Peter Owusu- Ansah says:

Where is disability and deaf artists. Why are being so ignored?

David Howells says:

It would be nice if the media were open to facilitating a dialogue on this issue; one which included the participation of professional artists.

Zan Barrage says:

Does anyone have a breakdown by sex and gender of the ARTIST population in Canada? I think that is a fundamental statistic if we are going to make any sense of the data in this or the linked articles. In the absence of gender breakdown of the Artist population, how can we conclude anything from this data?
As an example, we may observe that no women worriers died in the peloponnesian war. If we don’t have the basic population data that there were no women worriers on neither side, we may come to drastic and misguided conclusions!

Zan Barrage says:

After getting the population breakdown, we need to get data of applicants to galleries and acceptance and rejection numbers. Only then can we say that there is sex/ethnicity discrimination, and only if the statistics are significant. This article is just an interesting observation nothing more. It proves nothing scientifically. It throws some numbers but they are frankly lacking any substance.

Jan Allen says:

Thank you, Canadian Art for shining a light on the stubborn persistence of skewed gender and race in the celebration of artists: the galleries reflect society and its resources, the distribution of influence. Governments, individuals and communities need to step up to making change.

Christopher says:

Very few first generation immigrants become artists. They are too concerned with trying to make a living for their families and having a better future for them. Most artists from other countries coming to Canada have a hard time adapting because their styles reflect their home country and not the one they are currently living in (parts of North America prefer certain colours and styles). I have met so many female artists that have taken long breaks in their careers to have kids or/and take care of elderly parents. All of this is relevant when it comes to an artist achieving success with money or recognition. Usually an artist evolves over time and that takes money, from sales or a day job. The amount of sales with a gallery will help the artist get recognized and reach another level in the gallery system. This usually takes time (even poor health will set back an artists career). This and how the public reacts to the work. As for the major institutions they are also looking for the most important piece of the puzzle. A unique strong voice that stands out and hopefully echoes our culture. Emily Carr achieved status by living like a man. No husband or kids, she gave to her art selfishly. The life of being an artist is the most important thing. Are you willing to make that type of sacrifice and struggle over a long period of time? Most people give up. Trying to get the government and the institutions to veer away from focusing on the quality of art to have a balanced view of gender or race is not the answer. Being an artist is not an unionized government job. It is a risk. Go to any art school today and you will see a majority of young Asian women (I have given lectures at numerous schools). Does this mean in 40 years the art scene will be dominated by Canadian Asian Women? Probably not, because most of them will decide to have a family and a normal life. Since 90% of art school graduates are not in the art field after 10 years what is the demographics of the 10%? (today and in the past?)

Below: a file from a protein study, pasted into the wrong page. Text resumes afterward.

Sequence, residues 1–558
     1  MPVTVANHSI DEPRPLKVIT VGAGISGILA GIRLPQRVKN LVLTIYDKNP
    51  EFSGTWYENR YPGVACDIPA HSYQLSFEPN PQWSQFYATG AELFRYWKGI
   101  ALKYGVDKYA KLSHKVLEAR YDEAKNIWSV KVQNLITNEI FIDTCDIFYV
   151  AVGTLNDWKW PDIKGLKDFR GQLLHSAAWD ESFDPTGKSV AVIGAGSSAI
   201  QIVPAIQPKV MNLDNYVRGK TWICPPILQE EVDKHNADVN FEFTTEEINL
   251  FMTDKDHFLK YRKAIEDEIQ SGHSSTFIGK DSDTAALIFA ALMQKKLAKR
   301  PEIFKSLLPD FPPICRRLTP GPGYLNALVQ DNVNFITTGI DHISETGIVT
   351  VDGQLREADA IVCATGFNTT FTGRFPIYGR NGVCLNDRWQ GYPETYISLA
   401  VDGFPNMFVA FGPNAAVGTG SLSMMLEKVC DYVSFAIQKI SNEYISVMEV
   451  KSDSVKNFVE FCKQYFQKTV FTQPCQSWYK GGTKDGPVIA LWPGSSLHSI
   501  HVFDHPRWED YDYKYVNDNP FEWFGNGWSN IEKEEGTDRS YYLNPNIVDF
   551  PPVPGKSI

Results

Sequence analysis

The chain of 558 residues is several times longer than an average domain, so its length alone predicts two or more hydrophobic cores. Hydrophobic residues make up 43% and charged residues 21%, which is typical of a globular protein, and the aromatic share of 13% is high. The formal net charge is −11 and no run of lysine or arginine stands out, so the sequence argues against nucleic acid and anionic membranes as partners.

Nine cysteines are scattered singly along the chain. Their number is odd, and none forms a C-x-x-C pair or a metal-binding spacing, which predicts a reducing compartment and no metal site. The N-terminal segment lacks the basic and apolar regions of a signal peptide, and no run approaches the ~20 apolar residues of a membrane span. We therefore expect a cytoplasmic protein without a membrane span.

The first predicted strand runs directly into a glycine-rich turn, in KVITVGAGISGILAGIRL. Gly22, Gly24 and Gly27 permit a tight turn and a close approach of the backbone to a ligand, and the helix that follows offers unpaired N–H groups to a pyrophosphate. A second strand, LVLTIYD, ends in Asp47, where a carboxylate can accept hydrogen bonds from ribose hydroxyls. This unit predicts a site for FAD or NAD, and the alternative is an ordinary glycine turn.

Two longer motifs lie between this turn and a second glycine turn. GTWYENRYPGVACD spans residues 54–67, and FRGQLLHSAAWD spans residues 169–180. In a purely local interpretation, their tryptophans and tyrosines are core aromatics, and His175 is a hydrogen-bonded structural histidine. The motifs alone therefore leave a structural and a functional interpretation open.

Yukon Arts Centre says:

I would love to supply statistics for the Yukon so you have some representation from the Territories! I very much enjoyed the article and definitely feel this is an issue we should be addressing in our programming.